We managed to get through the first flight and landed in Shanghai 1.5 hours later than expected, at 6-30am Shanghai time. On very little sleep we found the airport very confusing. Our second flight would stop in Kunming on the way to Dubai and was therefore both a national and international flight. This meant we had to choose to follow either the signs for national transfer or international transfer as they went in different directions. We plumped for national transfer and hoped it was right because there wasn't anyone around to ask.

We had to fill out a form and were given 72 hours in China without a visa. Not that we were going to use it because the journey into Shanghai City takes over an hour form the airport and, seeing as we now only had 4 hours to play with, it wouldn't be worth it.

We finally found the right place to go to and tried to get internet using the "free internet" in the waiting area. You need a mobile phone to get the password and we are the only humans on earth who don't have one! I managed to get a stewardess from another flight to get it for us!

Then I tried to work out the water machine. It also offered hot water so I was happy that we might be able to get a decent cup of tea. The machine kept talking Chinese to me when I pressed the various buttons holding a cone shaped cup underneath for the water that didn't arrive! I eventually worked it out and got a cup of luke warm water.

I took it to Kirsten and went back for another for me, but it was a lot hotter. I didn't realise until I was back with Kirsten and my fingers started to burn! There was a moment of panic as I realised I couldn't simply put down a cone shaped cup! I was about to drop it when we quickly transferred some of the hot water into Kirsten's tea cup that she had already started drinking, to save my fingers!! Oh boy - we're having a really good start to our trip!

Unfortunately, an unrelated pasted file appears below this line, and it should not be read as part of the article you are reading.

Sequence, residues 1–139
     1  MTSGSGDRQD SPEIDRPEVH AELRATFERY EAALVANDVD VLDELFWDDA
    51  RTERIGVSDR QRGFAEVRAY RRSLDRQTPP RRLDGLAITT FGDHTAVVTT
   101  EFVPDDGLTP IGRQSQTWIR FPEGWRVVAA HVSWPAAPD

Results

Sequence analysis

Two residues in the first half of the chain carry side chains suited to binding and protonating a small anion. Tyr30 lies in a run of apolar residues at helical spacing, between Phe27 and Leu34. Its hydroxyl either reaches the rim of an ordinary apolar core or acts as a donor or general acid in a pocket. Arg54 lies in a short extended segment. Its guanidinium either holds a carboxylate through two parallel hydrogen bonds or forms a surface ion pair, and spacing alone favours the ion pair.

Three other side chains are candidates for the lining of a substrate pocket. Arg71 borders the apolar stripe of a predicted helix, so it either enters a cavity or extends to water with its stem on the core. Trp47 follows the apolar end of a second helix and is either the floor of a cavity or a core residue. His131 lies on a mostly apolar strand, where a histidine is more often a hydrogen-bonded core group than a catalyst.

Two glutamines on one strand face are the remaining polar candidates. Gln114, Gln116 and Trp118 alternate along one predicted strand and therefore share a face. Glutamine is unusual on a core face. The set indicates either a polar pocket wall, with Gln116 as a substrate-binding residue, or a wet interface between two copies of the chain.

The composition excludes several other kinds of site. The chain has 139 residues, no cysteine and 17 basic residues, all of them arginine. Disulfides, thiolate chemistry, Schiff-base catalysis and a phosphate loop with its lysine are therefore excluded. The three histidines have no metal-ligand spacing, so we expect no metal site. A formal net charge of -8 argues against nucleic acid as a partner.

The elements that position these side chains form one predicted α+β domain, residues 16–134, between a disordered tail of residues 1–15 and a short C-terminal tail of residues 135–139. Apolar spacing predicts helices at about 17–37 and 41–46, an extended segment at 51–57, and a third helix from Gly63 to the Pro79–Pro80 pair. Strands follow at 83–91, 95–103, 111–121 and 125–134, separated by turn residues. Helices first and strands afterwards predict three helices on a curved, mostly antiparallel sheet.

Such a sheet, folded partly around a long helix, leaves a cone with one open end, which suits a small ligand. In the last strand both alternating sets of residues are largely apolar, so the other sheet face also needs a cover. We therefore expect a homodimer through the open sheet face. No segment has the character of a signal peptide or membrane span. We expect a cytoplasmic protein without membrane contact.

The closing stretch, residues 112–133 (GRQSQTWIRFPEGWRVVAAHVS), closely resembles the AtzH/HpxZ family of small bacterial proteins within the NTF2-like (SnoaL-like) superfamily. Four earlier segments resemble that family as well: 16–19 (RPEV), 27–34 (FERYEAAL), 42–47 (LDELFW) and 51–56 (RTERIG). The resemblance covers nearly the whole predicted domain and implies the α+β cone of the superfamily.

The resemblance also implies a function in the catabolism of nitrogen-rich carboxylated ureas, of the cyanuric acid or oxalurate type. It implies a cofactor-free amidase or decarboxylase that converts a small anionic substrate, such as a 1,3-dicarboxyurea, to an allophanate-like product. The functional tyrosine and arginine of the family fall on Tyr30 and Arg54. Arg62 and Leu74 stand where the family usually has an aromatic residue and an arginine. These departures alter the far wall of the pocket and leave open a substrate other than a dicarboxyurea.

Our second flight was on an older aircraft with no individual screens, and no pillows or blankets! The flight time would be just over three hours to Kunming and we were hoping to be told whether we would be staying on the flight or whether we would have to disembark.

The English announcements were even more difficult to understand - "Ladies anner de Gentlemairn" followed by something unintelligible. The only thing we did understand was when an announcement came about turbulence. The plane was already being rocked and buffeted before the announcement came so it was easy to guess what was being said. But we had to laugh when the announcer said, in perfect English, "Do not worry!" It was the only thing we could understand and meant that this particular sentence had been practised a great deal!!! Not exactly comforting!

We tried out the tea again (which hadn't improved!) and when we asked for sugar we were told "Sugar only first class!"

We got to Kunming and the chaos started. I had already asked one of the stewardesses "Do we need to get off at Kunming or do we stay on board?" The answer was a confident "Ya!" Work that one out!

So we did what everyone else did and got off. We were herded onto a bus, driven about 10 minutes to another part of the airport and herded out into a building. Then the group seemed to split into two - one group headed in one direction who turned out to be those passengers who were getting off at Kunming, who were mainly Chinese and who could obviously read the signs - and the rest of us, who were mainly non-Chinese, who didn't have a clue what to do!

A stewardess was talking in Chinese - well it sounded like she was giving out sharp orders to a group of children as that is how Chinese sounds. She was giving out boarding passes that had already been printed out for each passenger and our names had to be checked to make sure we had the right pass. The new boarding pass stated that our boarding time was in 10 minutes time at Gate 73. Then the stewardess put her hand in the air, barked out Chinese, turned and set off at quite a pace! We were obviously meant to follow.